Rush hour: roads are at maximum use, the city is using its entire network. The black building indicate residential buildings. The majority of these building would be empty during the day.
Day time/night time: the main arteries of the city are used as the smaller roads become inhabited by program.
rush hour. The canopy is closed as the roads are in heavy use (with smart cars!).
day/time: the roads are used to accommodate many different programs. The canopy is fully deployed, signifying the roads change of use.
closed canopy: all roads are in use.
fully deployed: one road is used as a main artery. Programs exist on the other roads.
the boxes indicate the many mashed programs. they can also be read as rooms. a pedestrian infrastructure is also deployed to allow pedestrian crossings over to other islands as well as shortcuts over buildings.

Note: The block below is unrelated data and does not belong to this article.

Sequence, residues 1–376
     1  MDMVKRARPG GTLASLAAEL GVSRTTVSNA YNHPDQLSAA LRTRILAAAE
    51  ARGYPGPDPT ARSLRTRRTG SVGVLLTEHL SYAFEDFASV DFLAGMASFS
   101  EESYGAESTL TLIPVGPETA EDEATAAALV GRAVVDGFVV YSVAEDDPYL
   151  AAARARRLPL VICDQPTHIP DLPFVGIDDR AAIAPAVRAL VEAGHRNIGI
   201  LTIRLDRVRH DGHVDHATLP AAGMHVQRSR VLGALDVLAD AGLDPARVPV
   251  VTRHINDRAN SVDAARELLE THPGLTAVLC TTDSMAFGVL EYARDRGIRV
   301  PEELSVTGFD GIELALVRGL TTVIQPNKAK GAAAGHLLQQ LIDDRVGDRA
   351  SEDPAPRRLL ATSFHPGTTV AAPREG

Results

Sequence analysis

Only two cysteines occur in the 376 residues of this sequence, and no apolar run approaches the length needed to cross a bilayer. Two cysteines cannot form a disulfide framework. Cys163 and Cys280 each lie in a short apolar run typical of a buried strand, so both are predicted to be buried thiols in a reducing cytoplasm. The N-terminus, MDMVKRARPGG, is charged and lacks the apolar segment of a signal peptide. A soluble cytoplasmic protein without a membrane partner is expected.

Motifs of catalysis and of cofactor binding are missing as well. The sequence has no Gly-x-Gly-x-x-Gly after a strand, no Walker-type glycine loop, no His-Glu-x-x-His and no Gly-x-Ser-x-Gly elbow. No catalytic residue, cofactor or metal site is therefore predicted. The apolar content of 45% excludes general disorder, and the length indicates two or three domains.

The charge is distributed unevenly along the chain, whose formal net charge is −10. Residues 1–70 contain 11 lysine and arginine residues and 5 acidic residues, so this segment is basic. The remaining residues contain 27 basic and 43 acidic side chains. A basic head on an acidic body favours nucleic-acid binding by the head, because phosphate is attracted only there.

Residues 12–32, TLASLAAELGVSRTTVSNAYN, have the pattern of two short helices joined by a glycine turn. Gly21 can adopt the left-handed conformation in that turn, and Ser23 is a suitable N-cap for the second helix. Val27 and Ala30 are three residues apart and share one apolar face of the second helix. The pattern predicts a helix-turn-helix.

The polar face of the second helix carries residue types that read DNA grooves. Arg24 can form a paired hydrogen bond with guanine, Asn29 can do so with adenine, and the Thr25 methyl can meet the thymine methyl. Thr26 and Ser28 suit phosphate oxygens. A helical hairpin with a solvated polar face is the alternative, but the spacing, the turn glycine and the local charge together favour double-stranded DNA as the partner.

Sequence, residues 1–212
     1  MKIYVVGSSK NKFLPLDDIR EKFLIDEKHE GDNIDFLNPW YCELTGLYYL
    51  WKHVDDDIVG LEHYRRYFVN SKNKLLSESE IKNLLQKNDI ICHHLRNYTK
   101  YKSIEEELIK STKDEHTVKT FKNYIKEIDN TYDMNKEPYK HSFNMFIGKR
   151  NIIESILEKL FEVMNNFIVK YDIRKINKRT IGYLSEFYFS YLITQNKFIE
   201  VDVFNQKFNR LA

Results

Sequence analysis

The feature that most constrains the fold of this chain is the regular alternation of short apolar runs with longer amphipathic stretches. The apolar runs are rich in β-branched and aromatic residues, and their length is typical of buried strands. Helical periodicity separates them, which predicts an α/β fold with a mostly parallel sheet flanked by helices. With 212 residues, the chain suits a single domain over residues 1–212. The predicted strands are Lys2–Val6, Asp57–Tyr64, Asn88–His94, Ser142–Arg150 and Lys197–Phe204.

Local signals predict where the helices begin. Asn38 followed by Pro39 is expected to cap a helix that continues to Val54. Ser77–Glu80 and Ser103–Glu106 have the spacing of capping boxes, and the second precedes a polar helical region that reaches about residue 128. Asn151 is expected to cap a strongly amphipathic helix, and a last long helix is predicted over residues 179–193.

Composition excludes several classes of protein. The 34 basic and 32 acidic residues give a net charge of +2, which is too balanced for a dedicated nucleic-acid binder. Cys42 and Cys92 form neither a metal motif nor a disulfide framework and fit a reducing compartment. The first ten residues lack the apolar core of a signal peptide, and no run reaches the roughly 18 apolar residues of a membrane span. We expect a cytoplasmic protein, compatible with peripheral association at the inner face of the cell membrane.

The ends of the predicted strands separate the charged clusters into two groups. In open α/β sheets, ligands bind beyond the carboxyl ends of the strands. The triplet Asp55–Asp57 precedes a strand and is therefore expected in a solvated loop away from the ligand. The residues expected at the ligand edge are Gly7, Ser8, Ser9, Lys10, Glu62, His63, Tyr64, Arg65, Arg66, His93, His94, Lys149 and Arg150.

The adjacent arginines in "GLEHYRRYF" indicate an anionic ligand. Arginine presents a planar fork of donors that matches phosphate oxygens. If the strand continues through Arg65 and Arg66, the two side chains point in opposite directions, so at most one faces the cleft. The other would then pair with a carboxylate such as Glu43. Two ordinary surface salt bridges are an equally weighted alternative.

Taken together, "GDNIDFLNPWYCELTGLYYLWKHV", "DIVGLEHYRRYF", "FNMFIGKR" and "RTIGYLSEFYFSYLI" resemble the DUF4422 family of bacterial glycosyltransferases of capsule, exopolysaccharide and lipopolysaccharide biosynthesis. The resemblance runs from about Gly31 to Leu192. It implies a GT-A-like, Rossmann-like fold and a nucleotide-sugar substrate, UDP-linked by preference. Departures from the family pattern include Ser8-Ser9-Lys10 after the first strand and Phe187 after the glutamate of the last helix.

10 chapter ten: reclaiming the road v2.
By using smaller modular devices, more like lamp posts, these can be scattered across the city and bloom when needed.
shifting blocks: the building blocks have been placed above the roads surrounding the geographical centre of Berlin.
a spatial syntax of berlins roads. they clearly define what are the main arteries of berlin.
a spatial syntax of a single island. the mass of buildings are the only obstruction. there are very clearly defined circulatory axis’, but also a lot of ‘dead’ space around buildings. there are two different types of site that can support two varying tempos of program.
the blooming city! the temporary city blooms when needed. it creates a bridge between different urban islands and creates a more localised urban fabric.
the structures deploy themselves when needed. The stand as street furniture and connect to existing buildings to give more space to the existing.
plan of closed space: the ground marks the space that exists at certain times.
attached: the deployable structure attaches itself to existing buildings allowing for a further expansion. [i know this is structurally optimistic!] 105
closed: the space contracts.
the Pallasseum. there are 3 levels of site. the road, the deadspace and the abandoned building. they all offer a site for programs that can occur over different periods of time.
11 chapter eleven: flexibility: structure.